Recently I have been struggling with a misconception in my office. Why would you fire someone who contributes and doesn’t participate in the extras? At the beginning of the year I challenged my team to produce the absolute best employee our company has ever seen. This goal encompasses all of the core values the company has held since its birth. In order to do that every single person on the team needs to give their all every day. Everyone was on board and excited about seeing that goal come true.
As we look around the office we see so many employees living up to that goal. We also see some who are opting for mediocrity over excellence. When you are trying to build a culture of excellence and you demand excellence what do you do when someone isn’t meeting that expectation? You remove them from the equation otherwise they poison the rest of the team. Mediocrity is the kryptonite for excellence just as good is the enemy of great.Here are 5 reasons to fire an employee who contributes:
Walking the Edge – This employee walks a very fine line, finer than the trapeze artists at the circus. They stay just on the edge of keeping their job, barely following policies and processes and barely meeting performance expectations. They will sometimes reach goals but exhibit a general lack of enthusiasm. They live in a place just between succeeding and failing.
Average Performing – This employee doesn’t wow you with results. They fall in the middle or close to the top but never reaching the top of the scale. They come to work just in time and leave right on time. There is no evidence to support any extra effort on their part. They rarely help themselves much less their peers to be successful.
Demotivated – During the interview process people are excited and motivated to contribute. That needs to be maintained after they are hired. These employees lose their motivation after a short-time but not short enough to fall within the 90-day probation period. There is no passion for their work or their team. When you present them with a challenge their responses are non-committal and lack enthusiasm.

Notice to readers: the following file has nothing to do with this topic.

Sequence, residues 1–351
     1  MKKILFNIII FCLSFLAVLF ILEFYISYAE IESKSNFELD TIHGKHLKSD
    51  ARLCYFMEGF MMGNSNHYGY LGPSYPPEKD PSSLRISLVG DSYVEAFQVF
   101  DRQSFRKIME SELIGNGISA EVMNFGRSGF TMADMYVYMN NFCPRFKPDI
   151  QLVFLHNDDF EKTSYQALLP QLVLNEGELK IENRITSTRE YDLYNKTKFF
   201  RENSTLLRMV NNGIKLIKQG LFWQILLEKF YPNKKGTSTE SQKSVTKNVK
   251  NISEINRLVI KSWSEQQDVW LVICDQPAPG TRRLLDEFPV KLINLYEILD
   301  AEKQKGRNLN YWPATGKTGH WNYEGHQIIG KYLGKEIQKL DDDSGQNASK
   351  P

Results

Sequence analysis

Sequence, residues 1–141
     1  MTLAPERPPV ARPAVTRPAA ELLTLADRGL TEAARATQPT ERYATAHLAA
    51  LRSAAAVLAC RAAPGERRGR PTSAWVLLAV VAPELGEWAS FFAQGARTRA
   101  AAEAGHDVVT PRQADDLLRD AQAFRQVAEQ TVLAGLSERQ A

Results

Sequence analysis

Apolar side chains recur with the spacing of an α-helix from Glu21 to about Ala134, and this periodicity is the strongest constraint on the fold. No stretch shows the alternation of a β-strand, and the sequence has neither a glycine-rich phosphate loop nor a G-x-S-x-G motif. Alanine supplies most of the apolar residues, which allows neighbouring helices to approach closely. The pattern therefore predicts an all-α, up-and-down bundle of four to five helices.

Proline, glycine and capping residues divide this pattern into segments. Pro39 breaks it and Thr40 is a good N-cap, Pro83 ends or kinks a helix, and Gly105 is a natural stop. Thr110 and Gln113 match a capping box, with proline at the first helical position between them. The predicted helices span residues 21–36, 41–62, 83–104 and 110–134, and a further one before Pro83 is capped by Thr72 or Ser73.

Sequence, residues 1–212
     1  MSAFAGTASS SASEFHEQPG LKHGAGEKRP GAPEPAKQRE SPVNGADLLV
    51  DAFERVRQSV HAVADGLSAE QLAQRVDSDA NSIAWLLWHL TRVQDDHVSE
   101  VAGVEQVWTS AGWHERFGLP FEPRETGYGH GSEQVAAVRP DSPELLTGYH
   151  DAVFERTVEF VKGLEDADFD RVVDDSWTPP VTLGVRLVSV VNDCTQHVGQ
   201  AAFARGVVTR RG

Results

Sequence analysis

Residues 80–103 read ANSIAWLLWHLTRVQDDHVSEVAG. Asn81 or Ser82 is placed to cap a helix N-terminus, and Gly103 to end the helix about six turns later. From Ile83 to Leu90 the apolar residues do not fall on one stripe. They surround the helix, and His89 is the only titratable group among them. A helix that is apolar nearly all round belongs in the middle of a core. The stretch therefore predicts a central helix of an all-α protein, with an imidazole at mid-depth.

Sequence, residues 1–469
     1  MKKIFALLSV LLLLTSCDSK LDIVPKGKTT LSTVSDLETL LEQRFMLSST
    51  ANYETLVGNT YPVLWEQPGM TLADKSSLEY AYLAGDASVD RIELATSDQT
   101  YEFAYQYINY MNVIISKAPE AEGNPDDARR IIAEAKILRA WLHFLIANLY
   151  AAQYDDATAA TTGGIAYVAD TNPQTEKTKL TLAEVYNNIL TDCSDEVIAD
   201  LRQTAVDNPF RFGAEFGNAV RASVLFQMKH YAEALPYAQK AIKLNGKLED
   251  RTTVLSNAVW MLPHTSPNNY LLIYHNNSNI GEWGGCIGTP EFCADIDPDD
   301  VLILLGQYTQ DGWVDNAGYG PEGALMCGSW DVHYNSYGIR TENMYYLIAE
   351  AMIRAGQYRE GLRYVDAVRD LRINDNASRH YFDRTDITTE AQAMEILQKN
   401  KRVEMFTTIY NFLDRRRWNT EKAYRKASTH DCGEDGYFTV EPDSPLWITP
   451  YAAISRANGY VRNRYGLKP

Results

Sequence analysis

Lack of Growth – Change will always occur and people need to be comfortable with change and find ways to face it head on and adapt. When you work for a fast-paced company it is critical that they keep their skills growing at the pace with the company. However, these employees don’t grow their skills. They feel they are good enough or that they perform so it isn’t needed. What can be worse is they say this isn’t my career I’m only biding my time. These employees will only help your team stand still and if left unchecked start digressing.
Deadbeat – The deadbeat is a combination of any or all of the above. Some will go so far as to criticize the company and its practices but not though the proper channels. These employees employ the water cooler, email and break room to spread their complaints, gossip and criticism. They are constantly unhappy and they are quick to spread that unhappiness in an attempt to recruit others into their dark and lonely cubical.
If you have ever wondered whether you should fire someone who contributes the answer should be YES if they fall into any of the above categories. Keeping an employee like those mentioned above on your team causes others to pick up the slack, become demoralized because there are no consequences for being mediocre and finally a loss of respect for your management.
There is more to building a team that strives for excellence than just delivering results, which are very important. When you have someone on your team that falls into the above categories you will soon find a team that lacks ambition, growth, drive and ultimately results.
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